Egypt lines up partners to accelerate decarbonization ahead of COP27
Six multinational companies and financial institutions have signed a memorandum of understanding (MOU) with the National Bank of Egypt and Egypt's petroleum ministry to accelerate decarbonization of oil and gas operations and manufacturing facilities.
Egypt will be the host country for the COP27 Climate Summit, set to be held from 7-18 November 2022.
Baker Hughes, Bechtel, Enppi, GE Digital, Petrojet, and UK-based bank HSBC signed the MOU, according to a 23 February statement.
This type of partnership represents the country's ongoing recovery from a revolution in 2011 and regime change in 2013, said Egypt's Minister of Mineral and Petroleum Resources Tarek El Molla this week.
Speaking at the CERAWeek 2022 by S&P Global conference in Houston on 9 March, El Molla described how international oil companies (IOCs), service companies, and investors have been returning to Egypt since the government dedicated itself to restarting commercial projects paused by political turmoil.
Beginning in 2014, the government published a new energy roadmap "that was transparent with our IOC partners" aimed at returning the country to self-sufficiency in energy and rebuilding its industrial base. By 2018, Egypt was again a net exporter of natural gas and had installed new gas-fired power plants that ended blackouts, he said.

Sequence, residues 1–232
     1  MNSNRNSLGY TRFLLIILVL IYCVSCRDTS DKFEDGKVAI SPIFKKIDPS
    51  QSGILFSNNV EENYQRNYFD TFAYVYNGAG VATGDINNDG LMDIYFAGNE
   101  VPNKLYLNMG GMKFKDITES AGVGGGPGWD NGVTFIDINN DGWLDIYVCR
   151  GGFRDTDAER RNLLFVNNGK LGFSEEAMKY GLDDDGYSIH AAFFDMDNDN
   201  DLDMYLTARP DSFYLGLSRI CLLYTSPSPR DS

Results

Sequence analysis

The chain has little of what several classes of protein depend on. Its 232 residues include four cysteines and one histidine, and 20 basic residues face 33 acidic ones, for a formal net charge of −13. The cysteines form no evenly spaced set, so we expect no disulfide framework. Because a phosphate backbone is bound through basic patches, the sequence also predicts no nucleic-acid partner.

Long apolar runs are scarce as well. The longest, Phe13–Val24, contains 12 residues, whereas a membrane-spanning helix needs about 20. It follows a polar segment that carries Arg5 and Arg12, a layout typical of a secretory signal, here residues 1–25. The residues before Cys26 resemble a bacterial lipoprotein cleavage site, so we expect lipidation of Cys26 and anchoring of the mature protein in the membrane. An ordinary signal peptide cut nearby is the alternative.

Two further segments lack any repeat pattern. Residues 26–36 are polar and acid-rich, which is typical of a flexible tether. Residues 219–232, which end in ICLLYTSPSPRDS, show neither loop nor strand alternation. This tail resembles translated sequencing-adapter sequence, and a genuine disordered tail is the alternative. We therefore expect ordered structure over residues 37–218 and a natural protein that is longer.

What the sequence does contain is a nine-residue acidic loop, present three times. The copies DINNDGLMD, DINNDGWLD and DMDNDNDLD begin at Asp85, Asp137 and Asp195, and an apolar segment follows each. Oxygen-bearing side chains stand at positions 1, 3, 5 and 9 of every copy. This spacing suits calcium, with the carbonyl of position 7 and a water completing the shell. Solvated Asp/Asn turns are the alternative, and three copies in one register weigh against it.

From 2014 to 2020, Egypt more than doubled its energy production capacity from 23 GW to 51 GW, according to the Ministry of Planning and Economic Development. This brought power to 99.7% of the population and created an energy surplus that could open opportunities for export.
Natural gas drives down emissions
Strengthening natural gas production and bringing more gas to the power sector is key to the country achieving environmental targets as well as economic goals, El Molla said.
The country submitted a nationally determined contribution (NDC) in 2017, in accordance with the Paris Agreement to seek to limit the global temperature rise to 2 degrees Celsius. However, Egypt's NDC does not set a target for emissions reduction, unlike more than 130 other nations.
Instead of cutting CO2 emissions, Egypt's NDC provides details on the country's energy strategy through to 2035, which focuses on expanding electricity access to the entire population, stimulating economic growth, and ensuring agricultural productivity at a time of drought and increasing environmental stress.
Today, natural gas provides 65% of the country's hydrocarbons, and it could provide 100% by 2055, El Molla said. "We are accelerating … the resource we have, which is natural gas," he said.
On top of that, the country is poised to build a considerable renewable power sector, El Molla continued. The nation targets 20% renewable power generation in 2022 and 42% of by 2035. For comparison, just under 9% of power in 2019 came from renewables, and three-quarters of that was hydropower, according to the International Energy Agency (IEA).
The planning ministry said in a report released last year, "2020 Voluntary National Review," that it is projecting renewables' share will be 32.5% in 2035, falling short of the longer-term national target.
On the renewables side, the biggest accomplishment in recent years is the Benban Solar Park, which opened in 2019. The International Renewable Energy Agency says that Benban is the fifth-largest solar park in the world, at 1.65 GW, and the largest outside of Asia.
Wind also is on the rise. On 1 March, Lekela Power's West Bakr wind farm in the Gulf of Suez was officially inaugurated after beginning operations in the fourth quarter of 2021. At 250 MW, West Bakr increased Egypt's wind energy capacity by 18%, according to the Global Wind Energy Council.